• 1895: war memorial in the town cemetery in Schweinfurt
  • 1896–1904: architectural sculpture for the Wertheim department store on Leipziger Platz in Berlin-Mitte (architect Alfred Messel)
  • 1901/1902: Parsifal zu Pferde, Bronze-Kleinplastik, 37 x 18 x 38 cm. Staatliche Museen zu Berlin – Preußischer Kulturbesitz, Nationalgalerie[7]
  • 1904: Illustrations for Ludwig Thomas story Der heilige Hies
  • 1904–1911: Participation in the architectural sculpture for the Stadthaus in Berlin-Mitte
  • 1904–1914: Crown silver
  • 1907: Gustav-Freytag-Brunnen on the Liebichshöhe (de) in Breslau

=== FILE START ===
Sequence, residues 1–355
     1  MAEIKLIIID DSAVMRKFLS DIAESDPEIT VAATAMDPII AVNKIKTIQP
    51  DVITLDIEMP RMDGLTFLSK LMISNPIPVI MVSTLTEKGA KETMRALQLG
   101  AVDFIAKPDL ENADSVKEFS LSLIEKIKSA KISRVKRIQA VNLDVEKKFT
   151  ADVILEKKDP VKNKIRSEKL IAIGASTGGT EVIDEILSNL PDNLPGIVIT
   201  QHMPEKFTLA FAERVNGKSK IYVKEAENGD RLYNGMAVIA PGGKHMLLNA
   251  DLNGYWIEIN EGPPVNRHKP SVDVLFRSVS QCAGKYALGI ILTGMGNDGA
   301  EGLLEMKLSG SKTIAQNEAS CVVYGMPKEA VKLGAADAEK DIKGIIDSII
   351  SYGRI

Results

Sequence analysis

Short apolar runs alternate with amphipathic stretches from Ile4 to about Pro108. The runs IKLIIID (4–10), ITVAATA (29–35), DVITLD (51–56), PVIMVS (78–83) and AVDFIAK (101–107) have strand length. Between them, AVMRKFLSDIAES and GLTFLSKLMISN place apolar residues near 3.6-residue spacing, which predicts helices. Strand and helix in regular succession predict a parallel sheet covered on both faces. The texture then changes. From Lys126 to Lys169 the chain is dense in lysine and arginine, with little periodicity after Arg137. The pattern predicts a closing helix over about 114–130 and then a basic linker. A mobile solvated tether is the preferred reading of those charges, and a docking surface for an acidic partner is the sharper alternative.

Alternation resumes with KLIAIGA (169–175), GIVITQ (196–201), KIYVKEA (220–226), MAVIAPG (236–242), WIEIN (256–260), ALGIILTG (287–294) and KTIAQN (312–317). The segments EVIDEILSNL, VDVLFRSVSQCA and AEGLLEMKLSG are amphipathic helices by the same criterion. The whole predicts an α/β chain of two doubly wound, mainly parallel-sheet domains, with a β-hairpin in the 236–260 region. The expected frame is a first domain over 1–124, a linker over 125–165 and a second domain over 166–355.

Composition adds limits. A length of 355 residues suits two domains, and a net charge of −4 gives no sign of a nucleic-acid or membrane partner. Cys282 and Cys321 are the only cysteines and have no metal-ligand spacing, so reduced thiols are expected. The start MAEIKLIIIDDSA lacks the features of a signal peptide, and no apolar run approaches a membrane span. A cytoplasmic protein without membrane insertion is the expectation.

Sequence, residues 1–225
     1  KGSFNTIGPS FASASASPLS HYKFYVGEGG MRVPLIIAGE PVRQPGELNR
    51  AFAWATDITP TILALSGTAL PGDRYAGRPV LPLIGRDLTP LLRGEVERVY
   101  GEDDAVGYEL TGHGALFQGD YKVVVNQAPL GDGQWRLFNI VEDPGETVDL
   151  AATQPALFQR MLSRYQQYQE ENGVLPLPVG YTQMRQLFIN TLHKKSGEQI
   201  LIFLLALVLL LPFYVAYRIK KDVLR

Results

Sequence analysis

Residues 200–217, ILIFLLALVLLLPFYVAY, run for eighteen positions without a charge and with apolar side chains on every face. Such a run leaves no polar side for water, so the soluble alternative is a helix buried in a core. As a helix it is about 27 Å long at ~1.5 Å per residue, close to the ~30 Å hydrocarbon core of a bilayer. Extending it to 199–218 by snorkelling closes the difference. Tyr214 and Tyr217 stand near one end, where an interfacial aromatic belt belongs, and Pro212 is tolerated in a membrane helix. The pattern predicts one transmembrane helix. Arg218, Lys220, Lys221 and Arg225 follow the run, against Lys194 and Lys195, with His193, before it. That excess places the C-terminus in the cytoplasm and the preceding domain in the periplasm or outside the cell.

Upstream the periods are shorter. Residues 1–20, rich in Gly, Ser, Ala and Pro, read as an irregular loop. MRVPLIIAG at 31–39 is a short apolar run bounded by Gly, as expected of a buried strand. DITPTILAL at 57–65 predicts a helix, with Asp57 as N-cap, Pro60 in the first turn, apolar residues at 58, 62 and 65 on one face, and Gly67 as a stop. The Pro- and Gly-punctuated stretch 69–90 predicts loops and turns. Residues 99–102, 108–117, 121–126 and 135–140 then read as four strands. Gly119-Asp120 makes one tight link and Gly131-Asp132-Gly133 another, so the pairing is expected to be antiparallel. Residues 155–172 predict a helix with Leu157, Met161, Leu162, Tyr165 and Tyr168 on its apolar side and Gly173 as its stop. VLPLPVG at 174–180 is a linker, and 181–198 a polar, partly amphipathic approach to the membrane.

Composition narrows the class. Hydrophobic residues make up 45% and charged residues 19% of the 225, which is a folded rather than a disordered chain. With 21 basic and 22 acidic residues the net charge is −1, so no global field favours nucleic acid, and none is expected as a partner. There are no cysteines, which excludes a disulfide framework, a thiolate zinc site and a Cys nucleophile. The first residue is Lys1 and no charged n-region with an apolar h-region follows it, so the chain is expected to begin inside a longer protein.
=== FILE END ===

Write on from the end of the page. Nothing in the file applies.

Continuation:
• 1908: Four reliefs an der Puppenbrücke (Lübeck) (de)[8]
  • 1910: Fischerbuberl-Brunnen on the Wiener Platz in München
  • 1911–1912: Statuettes for Märchenbrunnen in Berlin-Friedrichshain
  • 1904: Illustrations for the Brothers Grimms fairy tales[9]
  • Illustrations for Johann Karl August Musäus' Die Nymphe des Brunnens[10]

Influence and honors[edit]

  • After his death, Ludwig Thoma and the art critic Heilmeyer put out a commemorative volume, which appeared 1921.
  • In Bad Kissingen and Lohr am Main there is a road named after him "Ignatius-Taschner-Straße.
  • In Dachau, there is the Ignaz-Taschner-Gymnasium.
  • In Mitterdorf near Dachau there is also an "Ignatius-Taschner-Straße.

Literature[edit]

  • Norbert Götz, Ursel Berger (Hrsg.): Ignatius Taschner. Ein Künstlerleben zwischen Jugendstil und Neoklassizismus. (Katalog anlässlich der gleichnamigen Ausstellung im Münchner Stadtmuseum 1992) München, Klinckhardt und Biermann 1992. ISBN 3-7814-0321-1